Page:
Keeping your natural teeth, even if they have had a root canal, is always the best option. Implants are a great option if you already have missing teeth, or if there is no way that a tooth can be saved. If you are given a choice between a root canal and an implant, choose root canal. Read on to learn more, and thanks for visiting Endostoch of Palm Beach, Florida.
The introduction of dental implants has proved to be a pivotal technology in dentistry. In a profession that strives to help patients keep their dentition, the point when it becomes necessary to opt for dental implants is a judgment call. Now, a new critical review published in the Journal of Dental Research comparing the long-term survival of implants and teeth that have been treated endodontically can help clinicians gain perspective on the two options (January 2014, Vol. 93:1, pp. 19-26).
“Both options should be seen as complementing each other, not as competing, and should serve the overall goal in dentistry, the long-term health and benefit of the patient, being least invasive and incorporating function, comfort, and esthetics,” the authors from the University of Pennsylvania wrote. “A tendency exists toward a simplified approach of ‘extraction and implant,’ but this is not always simple or ethical.”
Retention vs. replace
The researchers sought to examine the issue of “retention versus replace,” as well as endodontic therapy misconceptions, and analyze current endodontic treatment planning strategies for long-term success and tooth retention.
“Evidence exists that the loss rate of implants is higher than that of natural teeth in clinically well-maintained patients,” they wrote.
Comparing the two treatments is inherently difficult: “The implant field lacks a singular definition of success,” the authors noted, and many of the studies they examined opted instead to use “survival” as a study end point, giving them more opportunities for positive results.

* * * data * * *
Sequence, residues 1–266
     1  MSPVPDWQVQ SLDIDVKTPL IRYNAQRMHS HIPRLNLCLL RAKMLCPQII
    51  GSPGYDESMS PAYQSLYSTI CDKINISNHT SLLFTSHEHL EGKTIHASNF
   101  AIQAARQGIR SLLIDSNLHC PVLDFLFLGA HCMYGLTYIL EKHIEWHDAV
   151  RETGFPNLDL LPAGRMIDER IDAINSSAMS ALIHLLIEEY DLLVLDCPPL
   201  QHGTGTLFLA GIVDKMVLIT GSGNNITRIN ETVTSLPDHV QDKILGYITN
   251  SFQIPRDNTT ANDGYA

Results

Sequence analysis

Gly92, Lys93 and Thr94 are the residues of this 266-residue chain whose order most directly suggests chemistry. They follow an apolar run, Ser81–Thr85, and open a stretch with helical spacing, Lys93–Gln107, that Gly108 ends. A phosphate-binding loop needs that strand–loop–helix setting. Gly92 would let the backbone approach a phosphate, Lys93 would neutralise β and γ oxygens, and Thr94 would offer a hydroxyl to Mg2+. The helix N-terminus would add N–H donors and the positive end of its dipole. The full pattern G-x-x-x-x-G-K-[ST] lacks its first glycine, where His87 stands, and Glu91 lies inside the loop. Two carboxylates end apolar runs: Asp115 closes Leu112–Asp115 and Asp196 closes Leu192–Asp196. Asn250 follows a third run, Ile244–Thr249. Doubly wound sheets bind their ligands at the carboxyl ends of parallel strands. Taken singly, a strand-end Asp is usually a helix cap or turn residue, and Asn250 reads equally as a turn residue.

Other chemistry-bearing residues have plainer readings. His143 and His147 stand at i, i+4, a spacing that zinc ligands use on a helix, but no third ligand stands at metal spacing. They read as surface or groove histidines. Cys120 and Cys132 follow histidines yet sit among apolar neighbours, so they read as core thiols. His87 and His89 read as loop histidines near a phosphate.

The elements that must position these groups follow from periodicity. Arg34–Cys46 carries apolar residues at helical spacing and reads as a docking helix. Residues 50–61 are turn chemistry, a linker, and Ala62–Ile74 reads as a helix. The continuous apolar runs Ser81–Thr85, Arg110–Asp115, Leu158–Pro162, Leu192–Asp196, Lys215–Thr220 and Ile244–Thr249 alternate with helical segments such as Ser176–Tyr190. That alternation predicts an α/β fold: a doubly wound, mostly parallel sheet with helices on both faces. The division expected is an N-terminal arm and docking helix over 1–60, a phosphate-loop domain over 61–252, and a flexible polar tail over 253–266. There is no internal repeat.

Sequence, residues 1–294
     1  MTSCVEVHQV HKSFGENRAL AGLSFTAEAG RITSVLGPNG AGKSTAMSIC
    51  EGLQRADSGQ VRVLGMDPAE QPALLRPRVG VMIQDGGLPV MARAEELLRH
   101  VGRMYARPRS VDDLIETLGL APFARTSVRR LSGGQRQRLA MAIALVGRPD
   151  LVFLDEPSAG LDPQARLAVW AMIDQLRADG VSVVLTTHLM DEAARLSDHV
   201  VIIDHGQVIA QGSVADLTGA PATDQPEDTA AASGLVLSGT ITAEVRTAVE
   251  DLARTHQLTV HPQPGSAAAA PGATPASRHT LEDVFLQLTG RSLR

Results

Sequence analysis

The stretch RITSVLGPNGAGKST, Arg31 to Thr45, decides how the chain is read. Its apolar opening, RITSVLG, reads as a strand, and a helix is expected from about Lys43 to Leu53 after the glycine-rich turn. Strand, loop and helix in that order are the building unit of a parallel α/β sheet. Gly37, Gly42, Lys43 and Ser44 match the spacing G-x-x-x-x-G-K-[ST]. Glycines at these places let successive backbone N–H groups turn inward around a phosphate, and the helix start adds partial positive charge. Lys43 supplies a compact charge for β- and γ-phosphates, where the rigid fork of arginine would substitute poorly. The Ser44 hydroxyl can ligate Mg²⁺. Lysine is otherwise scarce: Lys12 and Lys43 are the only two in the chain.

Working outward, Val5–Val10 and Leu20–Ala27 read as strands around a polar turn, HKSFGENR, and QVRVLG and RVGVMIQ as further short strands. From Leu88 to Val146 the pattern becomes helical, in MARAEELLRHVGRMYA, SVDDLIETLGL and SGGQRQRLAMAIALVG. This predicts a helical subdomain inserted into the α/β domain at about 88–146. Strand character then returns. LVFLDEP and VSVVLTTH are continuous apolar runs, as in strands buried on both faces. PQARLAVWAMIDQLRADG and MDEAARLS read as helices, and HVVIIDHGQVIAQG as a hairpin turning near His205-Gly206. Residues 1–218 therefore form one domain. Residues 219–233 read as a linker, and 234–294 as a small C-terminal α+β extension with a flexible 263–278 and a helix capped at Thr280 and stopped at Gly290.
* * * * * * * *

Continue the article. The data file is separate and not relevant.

“This is significant,” the authors explained, “because a distinct difference exists between outcome rates obtained from success vs. survival analysis.” In one study, the researchers found cumulative survival in 92% of 1,022 implants observed over a seven-year period, while cumulative success was only 83% (International Journal of Oral & Maxillofacial Implants [JOMI], September/October 2000, Vol. 15:5, pp. 691-700).
Another study from the same journal found similarly significant disparities in survival and success rates of implants, as shown in the chart below (JOMI, March/April 2004, Vol. 19:2, pp. 247-259).
In fact, some “ailing” or “failing” implants are categorized as successful in certain studies, the authors cautioned.
“Based on the critical evaluation of published data and methods used in clinical studies, reported outcome rates for implants may be greatly inflated,” they wrote.
In addition, the researchers found a lack of funding disclosures in 63% of industry-sponsored implant trials, while 66% had a risk of bias. The authors warned against using a success or survival rate of more than 95% for implants as a promotional tool, and noted that applying that figure to the general population “is erroneous information, because these values stem from ideal situations.”
Meanwhile, there are strict guidelines for endodontic success.
“If a positive outcome for teeth was defined as retention without symptoms, regardless of the periapical status, the survival of endodontically treated teeth is as high as that of implants,” the authors explained. As an example, they cited a meta-analysis that found a survival rate of 95% in restored single-unit implants and 94% of endodontically treated teeth in a six-year period (JOMI, 2007, Vol. 22:suppl, pp. 96-116).
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